ComiXology’s David Steinberger then asked Stone from the audience to clarify why Bergen isn’t selling Before Watchmen, to which Stone said, “We’re gonna lose money, we’ll probably lose customers… It was a decision that was made. When I heard that decision, I said that’s a bad idea… That’s an explanation that I’ll have to give over and over again. As time has gone on, as I’ve seen online response to that project… This is just gross, and we don’t want to be part of this one. We’ll participate with the grossness they did to Kirby on the Avengers books, but this one…”
That’sa pretty gutsy move by Bergen Street. We had tweeted this during the panel and got a vociferous response from pros and retaielr salike who felt that Bergen Street was being irresponsible and leaving money on the table.
Whether you think the original WATCHMEN is akin to Moby Dick — as Alan Mooreopined — or the Bible, as J. Michael Straczynski thought, it is definitely something — DC’s bestselling graphic novel of all time[*], a beloved classic taught in schools, one of Time’s Best 100 novels of the last 100 years, the book that defined grim and gritty. You name it. Like all great works, it’s multi-faceted.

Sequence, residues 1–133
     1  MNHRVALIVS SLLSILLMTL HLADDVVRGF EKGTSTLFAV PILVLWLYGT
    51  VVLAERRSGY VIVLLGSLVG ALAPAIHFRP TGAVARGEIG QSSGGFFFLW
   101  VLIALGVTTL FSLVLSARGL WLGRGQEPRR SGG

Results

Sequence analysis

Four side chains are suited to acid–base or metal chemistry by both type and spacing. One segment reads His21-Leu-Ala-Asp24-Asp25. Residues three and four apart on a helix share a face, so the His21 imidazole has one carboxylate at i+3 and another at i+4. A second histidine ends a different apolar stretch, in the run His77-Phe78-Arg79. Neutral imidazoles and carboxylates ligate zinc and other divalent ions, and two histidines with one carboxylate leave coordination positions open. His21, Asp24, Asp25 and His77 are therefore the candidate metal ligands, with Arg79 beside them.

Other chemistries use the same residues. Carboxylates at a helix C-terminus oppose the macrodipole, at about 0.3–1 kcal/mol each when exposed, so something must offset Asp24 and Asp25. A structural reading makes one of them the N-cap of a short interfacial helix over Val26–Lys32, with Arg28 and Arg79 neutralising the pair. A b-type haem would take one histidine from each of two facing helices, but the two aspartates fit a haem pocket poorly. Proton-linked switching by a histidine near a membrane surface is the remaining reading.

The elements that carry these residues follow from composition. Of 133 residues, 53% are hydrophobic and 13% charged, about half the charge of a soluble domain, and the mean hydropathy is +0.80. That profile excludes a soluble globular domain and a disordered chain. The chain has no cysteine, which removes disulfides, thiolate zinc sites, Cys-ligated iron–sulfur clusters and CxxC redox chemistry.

So doing a “Scarlet” on it brings up every argument over whether comics are literature or licensing. You wouldn’t get much argument that Watchmen is literature and Moore is a literary figure. But there’s also the obsessive need of devotees to get MORE — there’s a reason why 12 volumes of the J.R.R. Tolkien’s jumbled, confused notes and scribblings were published as hardcover books. Once you enter a beloved fictional world you don’t want to leave — even if your hosts are yawning and looking longingly at their pajamas.